Weather & Tides

Tides should weaken a bit now that the new (dark) moon is in our rear view mirror, but the story remains the heat. With day time temps in the low to mid 90’s and heat indexes over 100, please exercise some caution when heading out on the water. There has been little to no wind this past week, making for some exceptionally difficult weather conditions, so be sure to get off the water by mid-day and drink a PILE of water. Water conditions continue to improve with the mild to non-existent winds and are clearing up daily.


Bait is everywhere. Literally, everywhere. Find a sandy stretch and you should find your fair share of bait. Pilchards are running thick as are the smaller threadfins, so be sure to have a watchful eye and know what type of bait you are throwing on, as you may have a “Christmas Tree” in your net if you aren’t careful!

Snook continue to shine as numbers are up as are larger fish catches. Pilchards continue to shine, but smaller soft plastic swimbaits in the 3-4” size adorned in darker hues are taking their fair share of linesiders this month. Early morning you also can get these guys to eat topwater baits and the prop style baits such Rapala X-Props, Heddon Torpedos and a few new prototype baits we picked up at ICAST have been doing awesome. Be sure to have your share of popping and walk-the-dog style topwaters on board, because on days they are more aggressive, they’ll smash them better than the subtle prop style baits.

If you want to beat the heat, head out to the dock lights in the northwestern part of the region after dark. Snook have taken up their summer residency in the countless urban canals in this area. Finding slightly deeper docks with some current on them is the key for the bigger fish, but countless upper teen to lower twenty inch fish are strewn throughout the urban corridors, so bring lots of tackle. Soft plastic jerkbaits wigged weedless are a great first choice, but try to have a bait that can get down quickly and hopped along the bottom. I like a

Sharks continue to be everywhere and of all varieties with blacktips, atlantic sharpnose, spinners and smaller hammerheads leading the way in the Gulf with lemons and bulls plying the nearshore and backcountry. Just about any cut bait will work using a fast action 20-30 lb class rod paired with a 4000-6000 sized spinning reel dressed with at least 40 lb braid. Longer steel and wire leaders that adorn circle hooks of 8/0-12/0 sized will get the job done.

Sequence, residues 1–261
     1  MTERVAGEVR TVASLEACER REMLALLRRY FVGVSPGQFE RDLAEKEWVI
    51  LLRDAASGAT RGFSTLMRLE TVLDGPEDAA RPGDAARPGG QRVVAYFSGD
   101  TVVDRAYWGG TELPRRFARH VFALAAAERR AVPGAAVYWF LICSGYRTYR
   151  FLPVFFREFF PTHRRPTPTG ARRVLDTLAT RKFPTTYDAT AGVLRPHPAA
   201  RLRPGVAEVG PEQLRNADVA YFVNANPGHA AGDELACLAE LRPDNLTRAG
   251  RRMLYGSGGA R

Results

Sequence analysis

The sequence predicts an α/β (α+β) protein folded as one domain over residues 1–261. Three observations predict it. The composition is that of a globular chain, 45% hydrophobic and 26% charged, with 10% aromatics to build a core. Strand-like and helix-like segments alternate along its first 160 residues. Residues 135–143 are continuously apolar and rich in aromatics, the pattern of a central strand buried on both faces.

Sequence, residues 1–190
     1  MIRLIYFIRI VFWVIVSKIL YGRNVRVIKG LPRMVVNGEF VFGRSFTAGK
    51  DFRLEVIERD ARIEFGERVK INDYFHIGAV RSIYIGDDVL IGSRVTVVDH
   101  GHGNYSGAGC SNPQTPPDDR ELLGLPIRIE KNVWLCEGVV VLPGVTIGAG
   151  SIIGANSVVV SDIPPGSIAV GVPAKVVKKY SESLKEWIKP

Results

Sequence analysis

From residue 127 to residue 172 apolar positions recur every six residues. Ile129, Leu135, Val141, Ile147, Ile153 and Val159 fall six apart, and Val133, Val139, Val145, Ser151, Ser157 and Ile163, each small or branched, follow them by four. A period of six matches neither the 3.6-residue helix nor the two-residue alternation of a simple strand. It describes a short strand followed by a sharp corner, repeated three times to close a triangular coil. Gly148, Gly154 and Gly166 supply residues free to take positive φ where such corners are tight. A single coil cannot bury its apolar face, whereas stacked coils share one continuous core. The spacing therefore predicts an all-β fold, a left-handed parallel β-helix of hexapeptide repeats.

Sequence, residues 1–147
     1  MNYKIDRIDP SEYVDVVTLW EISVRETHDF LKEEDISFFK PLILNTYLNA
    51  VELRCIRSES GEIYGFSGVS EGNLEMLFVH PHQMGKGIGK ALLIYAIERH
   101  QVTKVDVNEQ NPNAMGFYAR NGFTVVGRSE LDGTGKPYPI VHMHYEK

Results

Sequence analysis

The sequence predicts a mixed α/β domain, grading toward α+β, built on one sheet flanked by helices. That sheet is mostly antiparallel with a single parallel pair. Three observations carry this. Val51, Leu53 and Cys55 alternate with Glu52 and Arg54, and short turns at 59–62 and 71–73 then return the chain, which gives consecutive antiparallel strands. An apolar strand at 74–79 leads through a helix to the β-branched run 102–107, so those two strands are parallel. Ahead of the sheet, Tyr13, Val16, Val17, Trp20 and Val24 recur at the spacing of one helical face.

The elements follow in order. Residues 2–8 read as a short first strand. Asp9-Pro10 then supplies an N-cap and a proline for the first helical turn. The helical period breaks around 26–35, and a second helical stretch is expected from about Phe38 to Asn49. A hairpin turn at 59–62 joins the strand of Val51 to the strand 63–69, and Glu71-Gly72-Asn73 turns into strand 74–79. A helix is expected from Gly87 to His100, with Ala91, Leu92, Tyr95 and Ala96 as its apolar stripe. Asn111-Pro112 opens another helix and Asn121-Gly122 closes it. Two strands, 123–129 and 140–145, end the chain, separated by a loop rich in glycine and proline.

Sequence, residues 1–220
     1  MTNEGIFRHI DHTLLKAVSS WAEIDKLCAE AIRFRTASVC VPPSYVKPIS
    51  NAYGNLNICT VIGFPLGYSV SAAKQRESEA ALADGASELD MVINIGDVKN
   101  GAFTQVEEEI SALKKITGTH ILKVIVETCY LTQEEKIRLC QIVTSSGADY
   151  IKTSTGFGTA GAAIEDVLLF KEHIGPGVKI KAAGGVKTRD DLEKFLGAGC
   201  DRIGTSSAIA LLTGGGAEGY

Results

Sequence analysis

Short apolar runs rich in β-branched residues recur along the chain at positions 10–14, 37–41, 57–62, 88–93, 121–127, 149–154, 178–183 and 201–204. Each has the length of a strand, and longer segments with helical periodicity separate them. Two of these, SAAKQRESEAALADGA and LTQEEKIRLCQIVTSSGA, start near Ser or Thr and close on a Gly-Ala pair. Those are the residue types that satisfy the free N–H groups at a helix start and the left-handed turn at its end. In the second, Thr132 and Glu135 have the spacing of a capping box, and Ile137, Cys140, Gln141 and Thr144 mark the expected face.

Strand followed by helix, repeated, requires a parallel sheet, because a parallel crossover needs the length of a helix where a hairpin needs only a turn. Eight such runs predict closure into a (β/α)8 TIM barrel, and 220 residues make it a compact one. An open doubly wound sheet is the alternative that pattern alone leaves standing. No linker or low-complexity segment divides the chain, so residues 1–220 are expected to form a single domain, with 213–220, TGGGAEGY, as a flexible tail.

With slicked out conditions due to mild winds, be adventurous and hit those numbers that are usually too far to head to. Some great American Red Snapper action can be had in 100-140 feet of water if you are willing to make the run. Be sure to check the FWC website for updated regulations as the ARS season has been adjusted to limited days of the week for summer. Good reports of gag grouper over live bottom in 60-75 foot marks, along with red grouper slurping up cut baits in 40-60 foot ranges. Live pinfish and smaller grunts will take the larger fish with assorted cut baits taking the action sized fish.

Mangrove snappers continue to shine as mini football sized maroon marauders invade the nearshore waters in 30-40 foot marks. Simple Carolina rigs with ½ to ¾ ounce egg sinkers depending on the velocity of the current will get the job done. Use a 2/0 sized circle hook tipped with shrimp if you can get them big enough or cut pilchards.

Permit are still being caught and with some size at that. Good schools of 10-20lb class fish are still milling around the wrecks with higher relief. Meaning those reefs that are more upright in nature. Smaller blue crabs are still the ticket.

Until next week, tight lines and screamin’ drags….